The Canada Emergency Response Benefit (CERB) subsidy has shielded many Canadians from the full impact of COVID-19. When the pandemic hit in March and job losses skyrocketed, CERB was quickly put in place, paying unemployed Canadians $500 a week. Since April, 8.5 million people have received the benefit. It has played a crucial role in insulating them from financial hardship, as well as stimulating the economy.
On September 27, CERB will end, forcing most (an estimated 82 percent) of the 4.5 million Canadians who still rely on it to switch to EI, or lose their income. Many of these are low-wage earners who have suffered disproportionately from COVID, and/or come from hard-hit sectors such as hospitality, retail, and travel.
While experts suggest the shift will likely have macroeconomic impacts such as a further reduction in consumer spend and a sharp increase in personal insolvencies, on a more micro level, there will be a massive population of consumers with more immediate and defined financial needs than ever before.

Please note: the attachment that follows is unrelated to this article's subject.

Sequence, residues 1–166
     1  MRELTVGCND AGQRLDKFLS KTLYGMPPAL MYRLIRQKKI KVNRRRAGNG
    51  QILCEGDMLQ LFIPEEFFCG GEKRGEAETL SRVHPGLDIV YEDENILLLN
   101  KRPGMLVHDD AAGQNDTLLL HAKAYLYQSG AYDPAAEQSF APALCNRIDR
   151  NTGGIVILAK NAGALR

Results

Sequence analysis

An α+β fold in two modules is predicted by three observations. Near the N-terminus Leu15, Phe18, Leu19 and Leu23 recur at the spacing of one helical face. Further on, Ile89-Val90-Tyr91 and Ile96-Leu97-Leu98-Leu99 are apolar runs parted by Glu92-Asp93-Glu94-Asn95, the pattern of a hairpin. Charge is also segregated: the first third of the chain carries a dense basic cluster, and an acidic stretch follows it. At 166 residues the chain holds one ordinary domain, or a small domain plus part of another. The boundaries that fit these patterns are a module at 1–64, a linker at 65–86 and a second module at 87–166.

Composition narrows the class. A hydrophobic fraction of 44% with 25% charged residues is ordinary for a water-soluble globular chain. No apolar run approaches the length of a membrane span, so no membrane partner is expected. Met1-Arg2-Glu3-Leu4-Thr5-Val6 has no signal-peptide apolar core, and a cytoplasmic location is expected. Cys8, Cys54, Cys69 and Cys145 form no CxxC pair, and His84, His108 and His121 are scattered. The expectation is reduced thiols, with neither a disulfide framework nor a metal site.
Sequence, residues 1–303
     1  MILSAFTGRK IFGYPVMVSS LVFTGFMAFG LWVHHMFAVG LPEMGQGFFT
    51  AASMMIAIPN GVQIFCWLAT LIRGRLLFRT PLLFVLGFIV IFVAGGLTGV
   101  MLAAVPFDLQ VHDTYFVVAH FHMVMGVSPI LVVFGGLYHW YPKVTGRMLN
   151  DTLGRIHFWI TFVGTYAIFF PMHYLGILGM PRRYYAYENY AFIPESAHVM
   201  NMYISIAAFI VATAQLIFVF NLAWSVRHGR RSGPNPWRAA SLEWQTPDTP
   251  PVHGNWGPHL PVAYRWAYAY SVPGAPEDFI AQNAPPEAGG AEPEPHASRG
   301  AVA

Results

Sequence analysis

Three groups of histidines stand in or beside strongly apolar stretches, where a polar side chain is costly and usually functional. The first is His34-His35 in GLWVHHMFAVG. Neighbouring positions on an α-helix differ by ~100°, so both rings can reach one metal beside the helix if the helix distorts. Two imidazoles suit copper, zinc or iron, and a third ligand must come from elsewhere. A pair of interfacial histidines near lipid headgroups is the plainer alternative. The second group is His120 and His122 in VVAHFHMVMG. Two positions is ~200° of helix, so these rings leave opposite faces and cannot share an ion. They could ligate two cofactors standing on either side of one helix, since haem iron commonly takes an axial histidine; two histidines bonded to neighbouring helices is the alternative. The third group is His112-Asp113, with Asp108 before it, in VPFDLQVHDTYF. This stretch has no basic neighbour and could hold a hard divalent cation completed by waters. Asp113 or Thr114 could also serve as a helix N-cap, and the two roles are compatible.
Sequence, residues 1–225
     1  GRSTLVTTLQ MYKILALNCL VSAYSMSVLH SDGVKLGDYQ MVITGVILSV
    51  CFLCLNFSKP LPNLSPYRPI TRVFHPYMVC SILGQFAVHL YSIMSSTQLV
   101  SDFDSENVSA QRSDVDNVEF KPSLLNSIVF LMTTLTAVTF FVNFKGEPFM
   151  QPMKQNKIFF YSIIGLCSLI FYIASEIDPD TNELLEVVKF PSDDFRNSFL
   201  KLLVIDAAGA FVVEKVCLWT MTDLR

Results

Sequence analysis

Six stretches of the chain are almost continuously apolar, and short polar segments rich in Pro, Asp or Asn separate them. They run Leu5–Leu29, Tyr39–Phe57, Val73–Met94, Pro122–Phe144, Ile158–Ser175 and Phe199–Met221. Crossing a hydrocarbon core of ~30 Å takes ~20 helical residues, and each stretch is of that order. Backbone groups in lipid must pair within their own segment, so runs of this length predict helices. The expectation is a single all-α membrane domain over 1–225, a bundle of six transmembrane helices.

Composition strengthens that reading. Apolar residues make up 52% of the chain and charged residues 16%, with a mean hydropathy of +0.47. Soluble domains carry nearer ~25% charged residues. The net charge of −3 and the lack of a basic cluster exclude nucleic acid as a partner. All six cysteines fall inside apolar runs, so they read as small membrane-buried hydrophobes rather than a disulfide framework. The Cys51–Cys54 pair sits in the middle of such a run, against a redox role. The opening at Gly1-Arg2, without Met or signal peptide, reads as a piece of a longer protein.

These consumers will be looking to their financial institutions for direction. It will be a critical juncture for FIs, putting them under considerable pressure and public scrutiny. But it also offers them an opportunity to strengthen their leadership. Canadian banks are known around the world for their prudence and stability; they will need to communicate these attributes as they reinforce their role as trusted providers of financial guidance.
Covid communications have proven tricky handling for many brands, and this will no doubt be the case for Canadian FIs navigating this next phase of our pandemic experience. They will need to balance confidence with comfort, professional with personal. Ultimately, they will need to let consumers know that, whatever their circumstances, they’ve come to the right place.
The coming weeks and months will test many customer relationships, and be a reality check for those seeking silver-bullet solutions. Ultimately, the post-CERB climate could drive more consumers to alternative lenders.
At the same time, for the financial brands that can strike the right communications balance, there is the potential to build new relationships and strengthen old ones.